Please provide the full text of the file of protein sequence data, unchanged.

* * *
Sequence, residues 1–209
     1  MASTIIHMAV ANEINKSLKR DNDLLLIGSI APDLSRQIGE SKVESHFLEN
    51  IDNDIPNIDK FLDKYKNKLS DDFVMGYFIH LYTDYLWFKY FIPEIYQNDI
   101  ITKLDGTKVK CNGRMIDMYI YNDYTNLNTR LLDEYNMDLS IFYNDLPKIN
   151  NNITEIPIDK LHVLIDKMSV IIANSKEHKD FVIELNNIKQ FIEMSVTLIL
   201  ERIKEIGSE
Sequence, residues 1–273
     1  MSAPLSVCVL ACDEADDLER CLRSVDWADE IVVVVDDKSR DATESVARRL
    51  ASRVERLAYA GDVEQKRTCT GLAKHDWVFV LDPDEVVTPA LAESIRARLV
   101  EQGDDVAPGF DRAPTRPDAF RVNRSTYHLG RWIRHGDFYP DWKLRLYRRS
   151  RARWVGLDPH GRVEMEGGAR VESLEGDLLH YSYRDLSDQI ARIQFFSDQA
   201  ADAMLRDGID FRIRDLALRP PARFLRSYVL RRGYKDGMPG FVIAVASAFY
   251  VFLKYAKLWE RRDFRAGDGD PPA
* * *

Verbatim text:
Sequence, residues 1–209
     1  MASTIIHMAV ANEINKSLKR DNDLLLIGSI APDLSRQIGE SKVESHFLEN
    51  IDNDIPNIDK FLDKYKNKLS DDFVMGYFIH LYTDYLWFKY FIPEIYQNDI
   101  ITKLDGTKVK CNGRMIDMYI YNDYTNLNTR LLDEYNMDLS IFYNDLPKIN
   151  NNITEIPIDK LHVLIDKMSV IIANSKEHKD FVIELNNIKQ FIEMSVTLIL
   201  ERIKEIGSE
Sequence, residues 1–273
     1  MSAPLSVCVL ACDEADDLER CLRSVDWADE IVVVVDDKSR DATESVARRL
    51  ASRVERLAYA GDVEQKRTCT GLAKHDWVFV LDPDEVVTPA LAESIRARLV
   101  EQGDDVAPGF DRAPTRPDAF RVNRSTYHLG RWIRHGDFYP DWKLRLYRRS
   151  RARWVGLDPH GRVEMEGGAR VESLEGDLLH YSYRDLSDQI ARIQFFSDQA
   201  ADAMLRDGID FRIRDLALRP PARFLRSYVL RRGYKDGMPG FVIAVASAFY
   251  VFLKYAKLWE RRDFRAGDGD PPA